Pilot Test

Last updated: July 15, 2018

What Does Pilot Test Mean?

In research, a pilot test is a small preliminary study used to test a proposed research study before a full scale performance. This smaller study usually follows the exact same processes and procedures as its full-scale counterpart. The primary purpose of a pilot study is to evaluate the feasibility of the proposed major study. The pilot test may also be used to estimate costs and necessary sample size of the greater study. A pilot test is sometimes called a pilot experiment, pilot project, pilot study, feasibility study, or pilot run.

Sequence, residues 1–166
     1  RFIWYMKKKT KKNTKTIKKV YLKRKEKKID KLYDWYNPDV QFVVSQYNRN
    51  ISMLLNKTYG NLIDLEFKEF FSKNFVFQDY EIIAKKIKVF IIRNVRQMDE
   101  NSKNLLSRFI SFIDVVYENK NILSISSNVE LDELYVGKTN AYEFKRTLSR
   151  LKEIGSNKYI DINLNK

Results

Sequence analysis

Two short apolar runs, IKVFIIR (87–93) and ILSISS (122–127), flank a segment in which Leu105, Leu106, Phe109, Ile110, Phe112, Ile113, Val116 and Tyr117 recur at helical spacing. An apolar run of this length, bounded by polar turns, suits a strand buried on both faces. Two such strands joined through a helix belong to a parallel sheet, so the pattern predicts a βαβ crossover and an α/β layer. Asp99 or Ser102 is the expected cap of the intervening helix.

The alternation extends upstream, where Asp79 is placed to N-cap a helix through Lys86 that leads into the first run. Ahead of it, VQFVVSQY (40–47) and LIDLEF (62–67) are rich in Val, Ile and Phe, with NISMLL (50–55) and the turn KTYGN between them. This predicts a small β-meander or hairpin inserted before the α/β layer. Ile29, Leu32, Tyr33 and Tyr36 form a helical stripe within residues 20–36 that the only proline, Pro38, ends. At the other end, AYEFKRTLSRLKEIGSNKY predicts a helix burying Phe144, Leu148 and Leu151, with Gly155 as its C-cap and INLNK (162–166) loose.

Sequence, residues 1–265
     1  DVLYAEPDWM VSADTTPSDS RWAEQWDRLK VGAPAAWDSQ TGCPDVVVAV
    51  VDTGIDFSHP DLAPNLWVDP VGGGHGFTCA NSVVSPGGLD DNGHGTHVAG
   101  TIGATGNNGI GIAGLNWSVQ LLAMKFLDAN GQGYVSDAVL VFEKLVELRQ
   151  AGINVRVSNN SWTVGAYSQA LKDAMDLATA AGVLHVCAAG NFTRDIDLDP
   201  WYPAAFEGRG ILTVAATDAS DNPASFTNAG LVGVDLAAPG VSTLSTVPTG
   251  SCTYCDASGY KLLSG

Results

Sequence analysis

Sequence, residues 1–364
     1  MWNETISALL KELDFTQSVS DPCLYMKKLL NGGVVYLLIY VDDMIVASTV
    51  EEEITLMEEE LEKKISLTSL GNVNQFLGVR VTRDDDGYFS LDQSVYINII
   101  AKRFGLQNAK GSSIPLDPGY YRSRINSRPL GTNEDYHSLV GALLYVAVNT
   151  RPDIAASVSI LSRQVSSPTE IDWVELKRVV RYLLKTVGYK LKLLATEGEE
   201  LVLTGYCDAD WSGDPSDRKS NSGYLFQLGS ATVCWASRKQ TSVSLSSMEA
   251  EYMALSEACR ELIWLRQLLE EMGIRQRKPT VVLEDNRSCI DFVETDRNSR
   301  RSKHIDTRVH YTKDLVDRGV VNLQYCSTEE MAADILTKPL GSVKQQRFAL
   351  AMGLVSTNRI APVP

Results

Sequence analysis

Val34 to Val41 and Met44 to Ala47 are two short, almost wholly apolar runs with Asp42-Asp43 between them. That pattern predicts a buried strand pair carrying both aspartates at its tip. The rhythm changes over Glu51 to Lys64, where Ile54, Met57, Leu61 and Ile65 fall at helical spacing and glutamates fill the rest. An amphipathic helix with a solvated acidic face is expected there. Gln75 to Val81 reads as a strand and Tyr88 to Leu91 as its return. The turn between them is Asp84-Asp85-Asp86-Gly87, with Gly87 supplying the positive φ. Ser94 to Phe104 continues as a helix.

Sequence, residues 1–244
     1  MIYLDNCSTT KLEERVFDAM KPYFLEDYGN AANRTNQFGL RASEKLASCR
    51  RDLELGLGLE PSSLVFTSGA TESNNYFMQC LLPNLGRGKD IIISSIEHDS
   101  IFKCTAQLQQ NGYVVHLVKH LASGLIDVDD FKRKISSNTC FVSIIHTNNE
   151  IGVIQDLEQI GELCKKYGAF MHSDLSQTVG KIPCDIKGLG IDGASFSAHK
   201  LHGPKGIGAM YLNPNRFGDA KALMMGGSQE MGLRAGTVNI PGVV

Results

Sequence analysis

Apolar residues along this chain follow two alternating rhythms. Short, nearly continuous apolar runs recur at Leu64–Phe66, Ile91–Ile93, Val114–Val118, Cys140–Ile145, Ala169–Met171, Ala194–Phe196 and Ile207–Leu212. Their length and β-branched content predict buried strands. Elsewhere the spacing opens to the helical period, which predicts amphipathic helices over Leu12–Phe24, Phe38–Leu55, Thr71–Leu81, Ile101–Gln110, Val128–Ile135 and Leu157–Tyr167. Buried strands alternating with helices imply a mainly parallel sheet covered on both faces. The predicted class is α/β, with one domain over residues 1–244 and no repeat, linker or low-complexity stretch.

WorkplaceTesting Explains Pilot Test

Before investing in a full-scale research study, it is often advisable to perform a pilot test. Conducting a smaller scale study permits researchers to identify problems with the study plan before making a major investment of time and resources. Results of the pilot study may also be used to estimate the costs and sample size of the proposed full-size study. The pilot test should be run once the proposed research project has been fully designed, but before investing in a final launch of the project. These smaller test runs are considered an essential component of a good study design.



Pilot Project, Pilot Study, Pilot Experiment, Pilot Run, Feasibility Study

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